It was whilst she was visiting a close relative in hospital that she came across the idea for Back To Hackney.
“I met a woman in the spinal unit who should have gone home after 6 months. She had been there for 3-years. When I asked why, she said that the council wanted to put her in a care home. Due to cutbacks, most councils now think it is better to put wheelchair bound residents in a care home rather than adapt the house or flat or provide carers. But she was determined to get back to her own home and why should she give up what she has worked so hard for? And I wanted to tell that story.”
The challenges and the wins…
Like many of us, I am sure, Panayiota had never considered doing a play before, let alone in 3 months!
“It’s very different to writing TV or film. I wanted to tell the story visually and you still can with a play but it is done in a very different way. I admit I struggled with the medium a bit at first. The scene changes were tough and, even now, I think could there have been a better way? I also think I need to be aware of how to work the stage better, more effectively.”
As an audience member, I can assure you are drawn into the story, the characters and the rollercoaster of emotions and completely forget you are in an intimate theatre in the centre of London and you picture yourself in the spinal unit of a hospital.
Panayiota didn’t just stick to the stage for this production. She wanted to add authenticity into the mix and freshen it up by incorporating another medium.
“I think it had a very TV feel to it – I modelled it on the kitchen sink dramas you get. And I incorporated a screen in the theatre and showed some of the scenes that had been filmed outside. I haven’t seen this done in before (although am sure someone has done it) and some people will think that this isn’t theatre but I think it was a different way to portray ‘outside’.”
One of the strengths of the play was the balance of heartfelt emotion with humour, a dose of realism and what is going on with social care today.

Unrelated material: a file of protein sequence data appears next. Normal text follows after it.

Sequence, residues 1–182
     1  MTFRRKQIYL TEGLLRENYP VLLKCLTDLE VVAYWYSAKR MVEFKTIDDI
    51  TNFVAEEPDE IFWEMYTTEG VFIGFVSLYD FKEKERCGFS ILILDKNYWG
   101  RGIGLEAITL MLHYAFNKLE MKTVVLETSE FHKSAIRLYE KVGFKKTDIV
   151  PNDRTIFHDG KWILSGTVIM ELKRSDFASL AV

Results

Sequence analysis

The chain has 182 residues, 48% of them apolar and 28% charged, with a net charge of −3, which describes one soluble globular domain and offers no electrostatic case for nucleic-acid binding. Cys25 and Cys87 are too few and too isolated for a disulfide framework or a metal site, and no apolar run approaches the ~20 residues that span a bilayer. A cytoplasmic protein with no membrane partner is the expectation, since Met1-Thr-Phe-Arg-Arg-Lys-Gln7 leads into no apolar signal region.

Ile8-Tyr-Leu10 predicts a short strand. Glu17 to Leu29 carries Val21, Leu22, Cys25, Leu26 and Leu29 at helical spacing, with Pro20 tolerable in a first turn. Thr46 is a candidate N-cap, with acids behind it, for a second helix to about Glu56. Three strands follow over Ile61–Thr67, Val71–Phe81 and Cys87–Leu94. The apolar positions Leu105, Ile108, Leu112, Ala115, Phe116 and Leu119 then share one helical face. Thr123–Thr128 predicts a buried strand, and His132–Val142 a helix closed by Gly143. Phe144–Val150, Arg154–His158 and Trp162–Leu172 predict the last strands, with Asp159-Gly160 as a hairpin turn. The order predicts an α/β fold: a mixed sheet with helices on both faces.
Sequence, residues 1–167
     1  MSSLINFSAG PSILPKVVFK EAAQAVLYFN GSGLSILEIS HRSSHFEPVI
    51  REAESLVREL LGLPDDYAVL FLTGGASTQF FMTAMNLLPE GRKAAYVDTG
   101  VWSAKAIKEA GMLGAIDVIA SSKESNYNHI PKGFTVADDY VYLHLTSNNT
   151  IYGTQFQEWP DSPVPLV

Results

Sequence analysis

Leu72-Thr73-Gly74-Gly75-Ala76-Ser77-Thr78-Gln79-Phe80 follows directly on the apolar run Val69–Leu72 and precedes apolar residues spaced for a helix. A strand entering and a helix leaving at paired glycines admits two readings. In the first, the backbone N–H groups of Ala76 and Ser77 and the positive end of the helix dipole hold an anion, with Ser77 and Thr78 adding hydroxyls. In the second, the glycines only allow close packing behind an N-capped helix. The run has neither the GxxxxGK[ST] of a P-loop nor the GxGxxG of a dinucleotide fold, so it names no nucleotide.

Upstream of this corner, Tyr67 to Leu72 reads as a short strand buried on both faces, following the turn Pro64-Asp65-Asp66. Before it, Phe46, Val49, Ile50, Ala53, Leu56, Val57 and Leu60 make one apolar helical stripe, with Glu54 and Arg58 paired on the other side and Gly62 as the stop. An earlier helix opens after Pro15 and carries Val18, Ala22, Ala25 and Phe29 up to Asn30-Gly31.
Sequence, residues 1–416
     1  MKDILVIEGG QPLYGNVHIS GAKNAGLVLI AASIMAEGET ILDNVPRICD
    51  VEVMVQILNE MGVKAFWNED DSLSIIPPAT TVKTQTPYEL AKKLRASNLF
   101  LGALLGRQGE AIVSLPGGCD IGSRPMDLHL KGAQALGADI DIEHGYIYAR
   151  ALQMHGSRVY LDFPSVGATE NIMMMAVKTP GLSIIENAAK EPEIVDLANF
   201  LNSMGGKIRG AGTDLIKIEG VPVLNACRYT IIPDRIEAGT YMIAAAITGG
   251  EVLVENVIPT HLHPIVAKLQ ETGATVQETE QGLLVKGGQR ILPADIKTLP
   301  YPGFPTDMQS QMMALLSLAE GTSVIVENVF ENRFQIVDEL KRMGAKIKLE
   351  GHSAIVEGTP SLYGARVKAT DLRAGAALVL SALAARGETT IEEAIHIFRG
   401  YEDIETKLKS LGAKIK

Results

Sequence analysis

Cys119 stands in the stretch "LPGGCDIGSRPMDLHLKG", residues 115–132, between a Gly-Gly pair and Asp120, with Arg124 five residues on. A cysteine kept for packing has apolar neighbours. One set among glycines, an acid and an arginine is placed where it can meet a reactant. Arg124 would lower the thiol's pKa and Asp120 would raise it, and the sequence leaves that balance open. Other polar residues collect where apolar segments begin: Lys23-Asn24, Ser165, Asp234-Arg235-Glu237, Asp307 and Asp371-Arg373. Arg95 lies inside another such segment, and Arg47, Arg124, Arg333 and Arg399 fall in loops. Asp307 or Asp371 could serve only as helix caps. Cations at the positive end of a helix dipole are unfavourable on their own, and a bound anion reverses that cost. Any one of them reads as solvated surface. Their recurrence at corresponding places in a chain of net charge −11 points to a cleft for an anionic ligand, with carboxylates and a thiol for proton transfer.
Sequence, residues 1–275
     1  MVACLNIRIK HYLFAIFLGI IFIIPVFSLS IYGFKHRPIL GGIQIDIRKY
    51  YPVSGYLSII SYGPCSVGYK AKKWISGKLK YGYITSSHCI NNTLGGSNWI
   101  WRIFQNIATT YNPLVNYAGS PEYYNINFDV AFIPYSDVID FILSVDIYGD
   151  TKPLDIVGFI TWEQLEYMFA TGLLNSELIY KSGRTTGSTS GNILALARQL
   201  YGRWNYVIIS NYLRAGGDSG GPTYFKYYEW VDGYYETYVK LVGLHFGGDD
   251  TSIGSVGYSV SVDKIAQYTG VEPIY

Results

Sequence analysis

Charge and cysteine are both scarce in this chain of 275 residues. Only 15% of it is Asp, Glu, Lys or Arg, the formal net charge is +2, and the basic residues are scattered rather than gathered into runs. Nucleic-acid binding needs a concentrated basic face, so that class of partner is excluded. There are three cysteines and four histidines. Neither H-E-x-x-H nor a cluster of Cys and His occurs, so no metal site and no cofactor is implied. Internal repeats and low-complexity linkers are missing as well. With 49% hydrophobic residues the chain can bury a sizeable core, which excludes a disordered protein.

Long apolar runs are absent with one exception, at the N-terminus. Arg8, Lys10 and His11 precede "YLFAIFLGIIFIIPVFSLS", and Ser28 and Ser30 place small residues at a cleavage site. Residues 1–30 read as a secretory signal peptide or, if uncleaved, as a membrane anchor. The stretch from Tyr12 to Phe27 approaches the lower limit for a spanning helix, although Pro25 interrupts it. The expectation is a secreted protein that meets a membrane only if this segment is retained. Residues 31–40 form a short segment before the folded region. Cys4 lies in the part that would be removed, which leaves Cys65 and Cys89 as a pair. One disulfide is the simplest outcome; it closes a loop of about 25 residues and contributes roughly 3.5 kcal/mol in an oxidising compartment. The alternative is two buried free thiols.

“I am a woman, a carer and an activist. My stories are reflective of my experiences and I can speak of it all first hand. Today, all we hear about is Brexit, and yes that’s important, but I like to tell the smaller stories. I know that Back to Hackney can be subject heavy so I interjected the light with the dark. I wanted to give you a heartfelt drama and if I can evoke emotion – making you laugh and cry – I have done well”.
Panayiota counts having a great cast as one of the keys to Back To Hackney’s success.
“We were like a family and it made it so much easier. There was no drama and we all worked really well together. When casting, one of the key factors was whether that actor would gel well with the others, regardless of ability. Of all the cast, getting the actress to play Georgia was the most challenging as I wanted her played by a disabled actress and I had no idea where to start. Luckily the National Theatre proved really helpful. They let me check out their database of disabled actors. I viewed their monologues and found Teresa (Taylor).”
Back to Hackney became more than just a professional credit to Panayiota – it became her teacher in writing better dialogue.